Isolated Pericardiectomy: Outcomes are Well Worth the Challenge

Through the years, numerous descriptions of clinical presentation have emerged, and pericarditis has ultimately been sub-classified into constrictive and effusive types.1,2 The true incidence of pericarditis in the general population is not known; however, general estimates indicate approximately 6% have signs of pericarditis at autopsy and this diagnosis accounts for approximately one in 1000 hospital admissions.3 The management of patients with pericarditis can be challenging. While some patients may be medically managed successfully, there is a subset of patients with pericardial constriction or medically refractory effusive/chronic relapsing pericarditis who benefit from surgical intervention.3,4 Despite having vastly different pathophysiology, diastolic heart failure from constriction and recurrent chest pain and effusion from effusive/chronic relapsing, both benefit from removal of the pericardium to achieve symptomatic relief and improvement in functional status.3-9 Although there are many reports validating the benefit of pericardiectomy, there remains a poor understanding of which patients derive the most benefit from surgery,4,10-13 what co-morbid conditions contribute most to postoperative morbidity and mortality, the superiority of a particular surgical approach, or, most importantly, the long-term outcomes after intervention.

Historically, pericardiectomy has been reported to have a very high early morbidity and mortality for both constriction (14%) and effusive/chronic relapsing types (5.5-19.4%).14,15 However, postoperative mortality after pericardiectomy can be performed with low early risk in the current era.3,4 Earlier diagnosis and surgical intervention before the onset of irreversible left ventricular dysfunction and end-organ damage has likely contributed to improved outcomes more recently.

The etiology of pericarditis depends on several factors, including region of the world and surgical era.9-11,13,14,16 Further, with the current prevalence of cardiac surgical procedures and increased use of electrophysiological interventions, iatrogenic pericarditis is at an all-time high.17,18 The numerous etiologic factors predisposing to the development of pericarditis poses a challenge in evaluating natural history and outcomes after surgical treatment.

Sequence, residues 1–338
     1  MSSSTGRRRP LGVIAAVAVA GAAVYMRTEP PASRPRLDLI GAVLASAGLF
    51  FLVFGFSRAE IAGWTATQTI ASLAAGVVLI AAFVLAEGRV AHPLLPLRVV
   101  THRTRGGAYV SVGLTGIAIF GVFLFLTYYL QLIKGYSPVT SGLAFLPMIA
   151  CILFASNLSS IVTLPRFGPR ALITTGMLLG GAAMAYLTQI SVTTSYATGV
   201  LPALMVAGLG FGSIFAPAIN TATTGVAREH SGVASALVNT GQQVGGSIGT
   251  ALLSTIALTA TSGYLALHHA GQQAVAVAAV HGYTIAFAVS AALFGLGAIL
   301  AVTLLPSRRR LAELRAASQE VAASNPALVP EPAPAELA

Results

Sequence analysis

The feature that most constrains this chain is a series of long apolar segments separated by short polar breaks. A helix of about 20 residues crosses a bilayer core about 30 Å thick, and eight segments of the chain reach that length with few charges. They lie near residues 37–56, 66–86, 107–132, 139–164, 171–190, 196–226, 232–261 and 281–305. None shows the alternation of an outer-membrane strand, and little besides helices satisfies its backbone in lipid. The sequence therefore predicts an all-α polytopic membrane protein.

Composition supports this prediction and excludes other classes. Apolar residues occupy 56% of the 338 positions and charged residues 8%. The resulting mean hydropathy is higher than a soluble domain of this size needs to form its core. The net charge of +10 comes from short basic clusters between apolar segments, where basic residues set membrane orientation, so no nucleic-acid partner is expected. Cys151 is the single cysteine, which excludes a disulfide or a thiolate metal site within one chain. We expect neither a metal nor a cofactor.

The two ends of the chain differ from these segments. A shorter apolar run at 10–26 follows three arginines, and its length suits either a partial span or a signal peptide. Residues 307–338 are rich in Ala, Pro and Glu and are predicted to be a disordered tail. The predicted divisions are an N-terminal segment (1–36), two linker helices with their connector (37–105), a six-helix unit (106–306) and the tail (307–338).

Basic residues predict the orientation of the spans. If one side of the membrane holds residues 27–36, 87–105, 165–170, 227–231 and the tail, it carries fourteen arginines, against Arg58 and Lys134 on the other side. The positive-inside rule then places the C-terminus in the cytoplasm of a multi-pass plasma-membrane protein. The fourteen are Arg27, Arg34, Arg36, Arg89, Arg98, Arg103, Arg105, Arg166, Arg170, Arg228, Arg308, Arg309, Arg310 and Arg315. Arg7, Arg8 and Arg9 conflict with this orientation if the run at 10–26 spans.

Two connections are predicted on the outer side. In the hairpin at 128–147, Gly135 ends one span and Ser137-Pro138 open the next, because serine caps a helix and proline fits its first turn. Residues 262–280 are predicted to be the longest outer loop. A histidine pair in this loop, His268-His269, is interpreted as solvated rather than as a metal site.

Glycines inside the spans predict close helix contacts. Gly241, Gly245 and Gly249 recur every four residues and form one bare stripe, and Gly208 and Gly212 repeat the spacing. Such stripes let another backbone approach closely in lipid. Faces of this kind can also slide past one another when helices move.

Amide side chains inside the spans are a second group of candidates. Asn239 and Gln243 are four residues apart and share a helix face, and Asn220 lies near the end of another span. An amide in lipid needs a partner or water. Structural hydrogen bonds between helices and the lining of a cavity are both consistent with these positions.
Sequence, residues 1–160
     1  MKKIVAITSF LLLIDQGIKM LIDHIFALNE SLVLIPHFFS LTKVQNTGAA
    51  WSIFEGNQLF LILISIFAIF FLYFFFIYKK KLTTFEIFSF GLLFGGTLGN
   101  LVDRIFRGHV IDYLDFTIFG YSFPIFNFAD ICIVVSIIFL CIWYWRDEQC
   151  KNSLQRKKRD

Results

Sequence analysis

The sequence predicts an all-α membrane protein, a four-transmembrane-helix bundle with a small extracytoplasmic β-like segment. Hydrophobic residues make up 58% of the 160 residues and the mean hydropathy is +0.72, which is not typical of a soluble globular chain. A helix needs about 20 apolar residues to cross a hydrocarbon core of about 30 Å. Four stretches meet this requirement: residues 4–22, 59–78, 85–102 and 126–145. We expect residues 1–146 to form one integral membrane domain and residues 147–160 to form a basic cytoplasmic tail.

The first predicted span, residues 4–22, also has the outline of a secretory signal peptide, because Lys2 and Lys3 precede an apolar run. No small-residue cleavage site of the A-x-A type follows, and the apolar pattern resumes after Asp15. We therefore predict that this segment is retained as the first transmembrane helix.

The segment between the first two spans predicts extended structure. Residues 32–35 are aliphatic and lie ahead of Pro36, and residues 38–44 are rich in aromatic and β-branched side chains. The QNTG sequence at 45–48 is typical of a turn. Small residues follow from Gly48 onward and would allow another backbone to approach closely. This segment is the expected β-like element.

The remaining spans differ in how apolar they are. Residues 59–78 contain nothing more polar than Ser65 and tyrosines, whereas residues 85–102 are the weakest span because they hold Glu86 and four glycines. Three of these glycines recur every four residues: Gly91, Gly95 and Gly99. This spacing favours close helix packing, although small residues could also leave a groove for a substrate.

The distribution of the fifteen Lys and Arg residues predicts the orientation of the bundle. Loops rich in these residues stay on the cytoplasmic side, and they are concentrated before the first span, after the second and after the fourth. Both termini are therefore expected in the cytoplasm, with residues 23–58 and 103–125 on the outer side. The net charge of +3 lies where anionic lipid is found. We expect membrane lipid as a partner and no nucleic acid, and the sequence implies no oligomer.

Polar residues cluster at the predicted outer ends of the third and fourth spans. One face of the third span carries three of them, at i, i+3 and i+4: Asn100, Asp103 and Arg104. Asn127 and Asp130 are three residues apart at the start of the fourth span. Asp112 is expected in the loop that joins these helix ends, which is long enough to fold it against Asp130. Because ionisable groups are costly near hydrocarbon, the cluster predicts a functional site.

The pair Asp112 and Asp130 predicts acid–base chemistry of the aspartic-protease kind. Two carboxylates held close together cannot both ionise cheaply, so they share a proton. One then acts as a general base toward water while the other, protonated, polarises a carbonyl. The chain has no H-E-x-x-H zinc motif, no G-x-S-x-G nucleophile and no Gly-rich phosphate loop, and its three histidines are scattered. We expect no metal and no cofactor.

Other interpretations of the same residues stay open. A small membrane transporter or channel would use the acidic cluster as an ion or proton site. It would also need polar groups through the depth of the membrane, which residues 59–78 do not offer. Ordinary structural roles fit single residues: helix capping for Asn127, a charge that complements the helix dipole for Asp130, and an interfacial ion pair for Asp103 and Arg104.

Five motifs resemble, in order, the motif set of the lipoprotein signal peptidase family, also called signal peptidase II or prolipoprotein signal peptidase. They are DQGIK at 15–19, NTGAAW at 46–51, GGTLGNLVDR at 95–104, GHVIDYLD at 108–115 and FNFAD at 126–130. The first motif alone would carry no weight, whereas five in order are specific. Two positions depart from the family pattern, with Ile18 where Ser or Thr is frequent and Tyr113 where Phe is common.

Patients with constrictive pericarditis present with heart failure, which can manifest with broad symptoms depending on the severity of cardiac compromise. Constriction may be progressive, ultimately resulting in end-organ damage and deterioration of cardiac function. Medical therapy is limited in constriction with focus on improving symptoms of heart failure and temporizing measures. Surgery is the only definitive treatment. Effusive/chronic relapsing patients present most commonly with recurring episodes of pain and less commonly with compressive effusions and constriction. Non-steroidal anti-inflammatory drugs and corticosteroids are the mainstay of medical therapy in effusive/chronic relapsing pericarditis.  Patients with large effusions additionally benefit from pericardial drainage. In many cases pericardial reaction will improve with aforementioned treatments and patients may successfully be observed. There is a subset of patients who will have recurring episodes of inflammation manifesting with refractory pain and some who progress to demonstrate evidence of constriction due to long standing inflammation.4,5 Patients undergoing surgery for effusive/chronic relapsing pericarditis tended to have fewer relapses and hospitalizations than patients managed medically.